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Old 03-01-2017, 02:26 PM   #31
Warboar
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For a hunting rifle I wouldn't recommend going below 2lbs.
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Old 03-04-2017, 02:08 PM   #32
varminter22
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Remington Fights Back Against Fake News 60 Minutes Attack

Good article; read it here:

https://www.gunsamerica.com/blog/rem...inutes-attack/
Quote:
Conclusion

For decades, Remington bolt-action rifles have been a favorite of millions of American hunters, target shooters, law enforcement and military personnel. Remington continues to stand behind the safety and reliability of its firearms. That is certainly true for its bolt-action centerfire rifles, including the Model 700, which has earned its reputation among millions of satisfied users as America’s most popular, reliable and trusted bolt-action rifle.
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Old 03-04-2017, 08:49 PM   #33
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I have worked on hundreds of 700's over the years,,,,,,,never had one that would go off accidentally, no matter how I tried, unless the trigger had been
Monkey Forked with by someone.

None of my personal 700's ever did either, even after I did trigger jobs on them to get the trigger pull a bit lighter and crisper. I never set one below 3 pounds for anyone, my self included, and at that weight, it gives a nice crisp pull and is completely safe with regard to true accidental (not negligent) discharges.

Left alone, they don't fail, at least in my limited experience.


And if they did fail, and proper muzzle discipline had been followed, no one and no thing would ever have been or be harmed by the discharge.

If anyone has a Remington 700 that they are not happy with the trigger pull on it, take it to an experienced Remington trained gunsmith and have it lightened, or replace it with an aftermarket trigger group.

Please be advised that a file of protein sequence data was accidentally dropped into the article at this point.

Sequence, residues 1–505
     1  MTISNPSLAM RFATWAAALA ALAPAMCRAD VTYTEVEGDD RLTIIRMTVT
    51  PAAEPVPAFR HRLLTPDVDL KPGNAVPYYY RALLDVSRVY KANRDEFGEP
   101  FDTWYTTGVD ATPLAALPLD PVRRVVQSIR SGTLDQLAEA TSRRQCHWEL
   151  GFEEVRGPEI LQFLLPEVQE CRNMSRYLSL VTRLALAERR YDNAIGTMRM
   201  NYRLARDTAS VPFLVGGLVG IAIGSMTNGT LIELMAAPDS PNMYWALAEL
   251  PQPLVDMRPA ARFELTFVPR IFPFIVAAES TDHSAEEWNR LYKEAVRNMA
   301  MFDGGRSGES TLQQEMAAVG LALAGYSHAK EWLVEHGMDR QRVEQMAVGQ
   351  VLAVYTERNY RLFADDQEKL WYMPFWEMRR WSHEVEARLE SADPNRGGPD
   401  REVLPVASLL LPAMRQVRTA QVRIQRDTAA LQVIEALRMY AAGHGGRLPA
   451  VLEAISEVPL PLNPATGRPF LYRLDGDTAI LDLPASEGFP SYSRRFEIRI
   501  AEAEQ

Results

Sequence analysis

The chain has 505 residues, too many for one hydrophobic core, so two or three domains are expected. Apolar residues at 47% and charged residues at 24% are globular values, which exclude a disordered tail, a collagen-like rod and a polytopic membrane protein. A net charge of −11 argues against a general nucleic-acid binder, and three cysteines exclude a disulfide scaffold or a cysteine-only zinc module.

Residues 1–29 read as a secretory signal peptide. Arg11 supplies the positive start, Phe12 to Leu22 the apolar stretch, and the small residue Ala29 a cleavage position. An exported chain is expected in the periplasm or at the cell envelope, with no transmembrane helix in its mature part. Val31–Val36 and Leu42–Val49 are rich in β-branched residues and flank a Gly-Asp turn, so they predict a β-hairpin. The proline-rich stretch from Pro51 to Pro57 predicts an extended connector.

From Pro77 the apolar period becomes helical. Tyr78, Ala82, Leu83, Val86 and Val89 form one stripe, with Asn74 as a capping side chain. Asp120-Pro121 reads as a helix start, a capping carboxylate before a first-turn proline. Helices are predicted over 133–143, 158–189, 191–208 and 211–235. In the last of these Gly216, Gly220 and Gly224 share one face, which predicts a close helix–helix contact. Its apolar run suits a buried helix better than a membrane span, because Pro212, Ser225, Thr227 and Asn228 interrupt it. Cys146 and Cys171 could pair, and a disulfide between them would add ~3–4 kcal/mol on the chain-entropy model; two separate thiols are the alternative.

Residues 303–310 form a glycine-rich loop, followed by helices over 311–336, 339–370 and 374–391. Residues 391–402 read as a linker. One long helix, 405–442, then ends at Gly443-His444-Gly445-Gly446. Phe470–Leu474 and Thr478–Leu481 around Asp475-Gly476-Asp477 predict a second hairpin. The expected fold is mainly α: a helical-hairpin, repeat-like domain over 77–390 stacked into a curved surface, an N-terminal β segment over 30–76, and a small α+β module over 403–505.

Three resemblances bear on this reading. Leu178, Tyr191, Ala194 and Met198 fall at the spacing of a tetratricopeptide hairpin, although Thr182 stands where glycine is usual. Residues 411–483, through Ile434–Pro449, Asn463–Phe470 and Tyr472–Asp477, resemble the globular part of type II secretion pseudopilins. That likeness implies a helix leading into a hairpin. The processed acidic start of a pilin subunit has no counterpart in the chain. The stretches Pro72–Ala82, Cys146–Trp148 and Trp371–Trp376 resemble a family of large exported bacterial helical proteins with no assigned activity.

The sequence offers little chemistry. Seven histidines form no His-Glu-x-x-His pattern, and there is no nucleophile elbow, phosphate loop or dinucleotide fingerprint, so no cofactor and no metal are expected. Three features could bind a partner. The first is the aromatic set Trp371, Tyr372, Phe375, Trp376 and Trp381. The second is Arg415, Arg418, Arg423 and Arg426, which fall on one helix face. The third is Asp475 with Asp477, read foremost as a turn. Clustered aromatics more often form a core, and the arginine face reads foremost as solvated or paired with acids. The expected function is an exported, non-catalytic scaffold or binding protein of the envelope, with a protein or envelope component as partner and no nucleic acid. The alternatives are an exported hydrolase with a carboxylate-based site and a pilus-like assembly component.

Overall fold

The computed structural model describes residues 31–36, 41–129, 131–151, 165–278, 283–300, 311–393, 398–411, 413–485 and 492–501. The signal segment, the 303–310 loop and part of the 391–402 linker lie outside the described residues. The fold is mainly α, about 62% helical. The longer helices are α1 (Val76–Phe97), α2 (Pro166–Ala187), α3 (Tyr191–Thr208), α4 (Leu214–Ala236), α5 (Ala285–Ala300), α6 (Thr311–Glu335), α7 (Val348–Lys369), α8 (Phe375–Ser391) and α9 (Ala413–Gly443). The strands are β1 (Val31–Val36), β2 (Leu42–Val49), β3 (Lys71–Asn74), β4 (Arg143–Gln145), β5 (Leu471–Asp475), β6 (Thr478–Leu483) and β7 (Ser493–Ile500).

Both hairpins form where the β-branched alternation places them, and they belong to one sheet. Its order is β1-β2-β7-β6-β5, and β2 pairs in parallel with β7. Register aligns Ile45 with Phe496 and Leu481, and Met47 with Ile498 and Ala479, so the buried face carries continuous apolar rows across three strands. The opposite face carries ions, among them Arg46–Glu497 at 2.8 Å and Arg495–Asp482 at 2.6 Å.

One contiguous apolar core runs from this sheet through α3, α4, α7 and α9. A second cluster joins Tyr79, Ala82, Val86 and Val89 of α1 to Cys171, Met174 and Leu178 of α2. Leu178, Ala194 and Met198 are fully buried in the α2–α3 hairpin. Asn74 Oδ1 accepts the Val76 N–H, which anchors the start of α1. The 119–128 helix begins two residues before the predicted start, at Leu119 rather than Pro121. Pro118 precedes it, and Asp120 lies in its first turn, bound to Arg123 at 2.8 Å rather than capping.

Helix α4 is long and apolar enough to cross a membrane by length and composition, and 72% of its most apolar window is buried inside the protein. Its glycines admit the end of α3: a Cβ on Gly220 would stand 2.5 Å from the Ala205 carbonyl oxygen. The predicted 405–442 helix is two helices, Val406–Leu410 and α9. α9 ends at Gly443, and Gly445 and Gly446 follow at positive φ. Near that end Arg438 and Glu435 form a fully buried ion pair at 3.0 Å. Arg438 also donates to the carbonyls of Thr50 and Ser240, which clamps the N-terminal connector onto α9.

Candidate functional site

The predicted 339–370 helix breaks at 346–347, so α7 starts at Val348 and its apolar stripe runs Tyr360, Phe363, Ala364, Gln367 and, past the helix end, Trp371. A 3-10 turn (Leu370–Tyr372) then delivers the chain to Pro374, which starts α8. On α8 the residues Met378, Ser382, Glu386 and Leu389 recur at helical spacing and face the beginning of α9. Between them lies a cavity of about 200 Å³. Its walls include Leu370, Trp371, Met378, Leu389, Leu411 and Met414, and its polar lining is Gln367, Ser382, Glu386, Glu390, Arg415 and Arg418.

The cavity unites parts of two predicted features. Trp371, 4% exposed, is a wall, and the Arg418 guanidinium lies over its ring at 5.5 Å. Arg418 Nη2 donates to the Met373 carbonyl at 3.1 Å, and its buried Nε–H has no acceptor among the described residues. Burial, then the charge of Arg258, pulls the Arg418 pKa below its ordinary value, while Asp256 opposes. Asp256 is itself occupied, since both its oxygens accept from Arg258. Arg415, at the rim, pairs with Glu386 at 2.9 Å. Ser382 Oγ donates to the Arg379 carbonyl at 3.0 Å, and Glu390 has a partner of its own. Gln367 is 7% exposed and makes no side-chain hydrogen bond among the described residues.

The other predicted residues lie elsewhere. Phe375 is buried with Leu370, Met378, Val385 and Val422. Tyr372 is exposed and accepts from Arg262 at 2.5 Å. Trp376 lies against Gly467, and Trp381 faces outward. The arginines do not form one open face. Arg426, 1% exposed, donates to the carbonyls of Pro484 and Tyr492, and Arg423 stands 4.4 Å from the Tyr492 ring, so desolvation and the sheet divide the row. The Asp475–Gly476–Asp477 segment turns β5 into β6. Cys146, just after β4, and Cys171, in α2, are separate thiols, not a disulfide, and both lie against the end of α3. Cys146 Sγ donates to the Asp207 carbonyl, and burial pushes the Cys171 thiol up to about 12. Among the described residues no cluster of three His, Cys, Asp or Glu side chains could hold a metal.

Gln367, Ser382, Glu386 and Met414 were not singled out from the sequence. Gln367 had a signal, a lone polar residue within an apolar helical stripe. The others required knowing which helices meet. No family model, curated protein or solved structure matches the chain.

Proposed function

A word about aftermarket trigger groups.........when you install one, read ALL the directions that come with it, word for word, clear through at least twice before starting the install, even if it was just a month ago that you did another of the same model.

This is because our memories ain't perfect AND because sometimes, things change in the instructions in a very short time, things that could lead to damage or trouble or both.

Once the new trigger group is in, now RE READ the instructions twice on how to adjust it, and have them handy, referring to them often as you adjust it.

This can save damage and accidents also. I've had way to many aftermarket triggers come in with owners who "knew what they were doing, but the damn thing just isn't right" and when questioned, had not read and followed the instructions because "These triggers are a piece of cake, everyone says so"....

Unless you understand all the nuances of that Remington 700 factory trigger design, how each part relates to and interacts with all the other parts, leave it alone!

Once you break that sealant free and start tinkering, unless you are a trained and certified gunsmith with lots of liability insurance, you are just opening up a big can of worms for your self that may come back to bite you Graboid Style, at a later date.


Just my .02 worth, your results may vary, but I went many decades of working on guns and never got sued, so take it for what it is worth.
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Old 03-20-2017, 12:02 PM   #34
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I think most experienced gunsmiths share your opinion of the Remington 700. It's all of these news stories, usually started by individuals who have zero knowledge of firearms in general, that keep giving this type of stuff unnecessary traction. That, along with ambulance chasing lawyers, with assorted so called "experts", who are all looking for a quick buck.
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